by Ian Caldwell
Simon and Schuster
Buy from Indigo
Description: In 2004, as Pope John Paul’s reign enters its twilight, a mysterious exhibit is under construction at the Vatican Museums. A week before it is scheduled to open, its curator is murdered at a clandestine meeting on the outskirts of Rome. The same night, a violent break-in rocks the home of the curator’s research partner, Father Alex Andreou, a married Greek Catholic priest who lives inside the Vatican with his five-year-old son.
When the papal police fail to identify a suspect in the robbery, Father Alex, desperate to keep his family safe, undertakes his own investigation into both crimes. His only hope of finding the killer is to reconstruct the dead curator’s final secret: what the four Christian gospels—and a little-known, true-to-life fifth gospel named the Diatessaron—reveal about the Church’s most controversial holy relic. But just as he begins to understand the truth about his friend’s death, a secretive tribunal is convened to try the murder—and when Father Alex learns the identity of the accused, he is devastated. Now he must navigate the ancient and perilous legal system of the Catholic Church, which offers no presumption of innocence, no jury, and no right to face one’s accuser. As evidence vanishes and witnesses refuse to testify, Father Alex realizes the system is controlled by someone with vested stakes in the exhibit—someone he must outwit to survive
The Good Stuff
- Learned so much about the differences between Roman Catholics, Eastern Catholics and Orthodox - for a girl who never went to church, you would think this would be dull and above her understanding, but nope got it and learned so much and was so fascinated by it all
- This is soooo not my usual type of novel, but I was intrigued by the premise, and I wasn't disappointed
- Fabulous character development
- Thoroughly delighted by the relationship between Alex and his son, Peter (from my experience with Ian Caldwell so far, he is fascinated by the relationships between father and son)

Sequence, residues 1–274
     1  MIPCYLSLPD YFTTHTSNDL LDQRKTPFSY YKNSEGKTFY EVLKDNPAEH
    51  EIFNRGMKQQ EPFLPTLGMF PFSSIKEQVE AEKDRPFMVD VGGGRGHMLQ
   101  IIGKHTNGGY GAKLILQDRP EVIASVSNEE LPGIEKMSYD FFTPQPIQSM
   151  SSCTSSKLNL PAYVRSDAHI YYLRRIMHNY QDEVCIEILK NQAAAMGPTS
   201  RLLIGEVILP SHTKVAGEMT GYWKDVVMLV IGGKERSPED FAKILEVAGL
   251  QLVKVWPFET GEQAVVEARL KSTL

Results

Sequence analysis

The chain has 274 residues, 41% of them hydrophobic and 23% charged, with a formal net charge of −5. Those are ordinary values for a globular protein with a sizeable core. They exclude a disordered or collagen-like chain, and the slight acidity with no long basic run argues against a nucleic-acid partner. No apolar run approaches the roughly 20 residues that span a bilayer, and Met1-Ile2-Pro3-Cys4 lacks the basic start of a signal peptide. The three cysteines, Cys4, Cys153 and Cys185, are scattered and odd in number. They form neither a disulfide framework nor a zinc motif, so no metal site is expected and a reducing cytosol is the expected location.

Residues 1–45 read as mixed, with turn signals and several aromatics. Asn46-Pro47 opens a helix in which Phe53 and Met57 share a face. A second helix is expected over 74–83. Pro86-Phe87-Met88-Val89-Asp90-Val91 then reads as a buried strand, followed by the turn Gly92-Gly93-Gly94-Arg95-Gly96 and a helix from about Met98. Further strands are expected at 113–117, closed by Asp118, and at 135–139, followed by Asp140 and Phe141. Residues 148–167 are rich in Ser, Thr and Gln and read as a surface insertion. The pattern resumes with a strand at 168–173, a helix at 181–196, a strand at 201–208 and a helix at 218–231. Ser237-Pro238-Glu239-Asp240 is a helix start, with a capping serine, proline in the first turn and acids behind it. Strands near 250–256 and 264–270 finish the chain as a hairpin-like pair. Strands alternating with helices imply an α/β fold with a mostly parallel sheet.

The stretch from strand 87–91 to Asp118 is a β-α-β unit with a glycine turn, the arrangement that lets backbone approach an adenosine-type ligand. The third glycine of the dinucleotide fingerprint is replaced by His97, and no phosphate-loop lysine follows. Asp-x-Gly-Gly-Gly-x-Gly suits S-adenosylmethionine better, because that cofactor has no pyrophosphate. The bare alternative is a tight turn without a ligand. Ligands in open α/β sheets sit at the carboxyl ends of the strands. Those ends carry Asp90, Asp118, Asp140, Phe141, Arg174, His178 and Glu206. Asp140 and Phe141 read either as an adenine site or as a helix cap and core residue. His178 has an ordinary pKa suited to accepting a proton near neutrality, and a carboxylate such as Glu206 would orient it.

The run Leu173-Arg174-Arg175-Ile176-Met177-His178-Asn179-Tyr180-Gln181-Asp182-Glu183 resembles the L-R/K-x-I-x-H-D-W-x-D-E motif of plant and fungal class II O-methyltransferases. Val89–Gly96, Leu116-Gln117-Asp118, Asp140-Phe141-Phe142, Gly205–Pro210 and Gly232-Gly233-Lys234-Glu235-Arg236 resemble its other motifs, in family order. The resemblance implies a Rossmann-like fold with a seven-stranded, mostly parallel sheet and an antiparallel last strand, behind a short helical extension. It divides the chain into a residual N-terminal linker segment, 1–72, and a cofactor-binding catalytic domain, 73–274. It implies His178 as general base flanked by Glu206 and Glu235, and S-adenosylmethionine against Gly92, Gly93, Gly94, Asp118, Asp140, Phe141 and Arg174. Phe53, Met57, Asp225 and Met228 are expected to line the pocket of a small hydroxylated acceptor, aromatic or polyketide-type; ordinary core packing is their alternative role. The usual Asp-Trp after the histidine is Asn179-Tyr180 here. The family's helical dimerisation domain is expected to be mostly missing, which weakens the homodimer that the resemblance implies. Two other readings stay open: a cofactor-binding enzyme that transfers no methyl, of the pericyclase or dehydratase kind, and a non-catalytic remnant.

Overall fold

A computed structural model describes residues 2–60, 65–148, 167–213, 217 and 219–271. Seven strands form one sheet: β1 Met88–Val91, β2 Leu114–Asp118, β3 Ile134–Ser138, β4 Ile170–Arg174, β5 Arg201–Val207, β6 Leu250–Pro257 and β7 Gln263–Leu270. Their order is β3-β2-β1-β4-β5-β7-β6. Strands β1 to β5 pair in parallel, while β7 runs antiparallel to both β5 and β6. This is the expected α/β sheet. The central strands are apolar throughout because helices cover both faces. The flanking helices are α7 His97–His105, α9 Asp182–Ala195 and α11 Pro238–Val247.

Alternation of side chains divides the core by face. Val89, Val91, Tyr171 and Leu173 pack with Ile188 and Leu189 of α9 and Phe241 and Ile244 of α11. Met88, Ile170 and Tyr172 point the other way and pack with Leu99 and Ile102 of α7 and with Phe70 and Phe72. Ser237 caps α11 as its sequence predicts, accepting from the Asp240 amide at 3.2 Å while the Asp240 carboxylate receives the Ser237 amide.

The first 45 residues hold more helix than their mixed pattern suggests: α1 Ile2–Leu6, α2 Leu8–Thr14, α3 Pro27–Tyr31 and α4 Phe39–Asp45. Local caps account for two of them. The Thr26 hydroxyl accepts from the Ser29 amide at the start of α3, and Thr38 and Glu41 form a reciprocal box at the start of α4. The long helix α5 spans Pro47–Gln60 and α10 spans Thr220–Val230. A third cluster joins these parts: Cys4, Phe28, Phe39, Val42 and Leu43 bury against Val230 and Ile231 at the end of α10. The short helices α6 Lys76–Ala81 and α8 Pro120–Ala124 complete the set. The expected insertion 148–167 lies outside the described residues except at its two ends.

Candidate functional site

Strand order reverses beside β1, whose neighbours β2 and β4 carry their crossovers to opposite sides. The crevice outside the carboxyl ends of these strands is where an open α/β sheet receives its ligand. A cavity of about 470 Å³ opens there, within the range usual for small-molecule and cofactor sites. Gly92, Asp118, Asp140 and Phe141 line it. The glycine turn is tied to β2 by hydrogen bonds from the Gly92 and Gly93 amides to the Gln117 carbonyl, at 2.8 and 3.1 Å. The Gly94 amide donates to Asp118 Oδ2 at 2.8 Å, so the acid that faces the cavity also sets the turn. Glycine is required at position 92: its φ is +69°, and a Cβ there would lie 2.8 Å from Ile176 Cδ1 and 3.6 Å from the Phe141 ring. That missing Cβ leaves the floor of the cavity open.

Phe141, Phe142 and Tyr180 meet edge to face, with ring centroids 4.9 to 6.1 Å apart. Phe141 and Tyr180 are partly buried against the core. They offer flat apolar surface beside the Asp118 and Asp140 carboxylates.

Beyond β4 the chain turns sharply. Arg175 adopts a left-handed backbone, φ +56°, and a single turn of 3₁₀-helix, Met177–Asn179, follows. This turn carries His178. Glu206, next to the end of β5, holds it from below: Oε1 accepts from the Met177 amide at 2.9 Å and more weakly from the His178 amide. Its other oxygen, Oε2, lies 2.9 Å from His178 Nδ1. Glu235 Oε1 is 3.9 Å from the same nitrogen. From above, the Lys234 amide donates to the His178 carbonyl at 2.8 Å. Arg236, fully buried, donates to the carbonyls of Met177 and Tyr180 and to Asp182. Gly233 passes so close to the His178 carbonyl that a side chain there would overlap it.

- Had no real interest in the Bible, Catholicism and quite frankly also no interest in every visiting Vatican City. That has changed thanks to this novel (Yup I even brought a copy of The Idiots Guide to the Bible - yeah have no religious background or knowledge whatsoever) I also have now added Italy to my list of places I NEED to go to
- Plenty of twists and turns and red herrings. Not a page turner, but it was still fascinating
- Father Alex is a wonderful protagonist that you cheer for and love
- The scene regarding the Orthodox and the Pope was beautiful and brought me to tears
- Wow what supposedly good Catholics did in the name of God disgusts me. But lets face it this isn't something that just Catholics have done.
- Realistic portrayal of Postpartum Depression
- Essences of Hope
- For someone like me with no real love for organized religion (Um why, you ask, History, I answer) it was nice to see a positive (yet frank) portrayal of the Vatican and Catholics in general
- I can see the comparison between Dan Brown, but I found it more fascinating (and less confusing) than Dan Brown
- Inspiring, and beautiful
The Not So Good Stuff
- The portrayal of Librarians was soo not flattering (Ok they are religious Librarians, but come on! -- sorry its one of those sore points) There were many occasions where I rolled my eyes and gasped - enough with the anal Librarians (that sounds so much kinkier than it is LOL)
- Was a tad confusing for this non religious girl
- Don\t laugh, but I still am not sure about the significance about the last 5 o 6 pages (again I must mention the fact that I wasn't raised in a religious household)
"They're so embarrassingly cartoonish tat for an artist to have created them in the shadow of the Sistine Chapel seems to require a belief in the existence of purgatory."
"All lay workers have to sign ninety-five moral conditions of employment, and librarians tend to be stickers for the ones about papal property."
"Peter is the duet that Mona and I wrote together"
"Priests underestimate the appetite of laymen for cheap thrills about Jesus."
"There is one law under God. And it is love."
I received this from Simon and Schuster in exchange for an honest review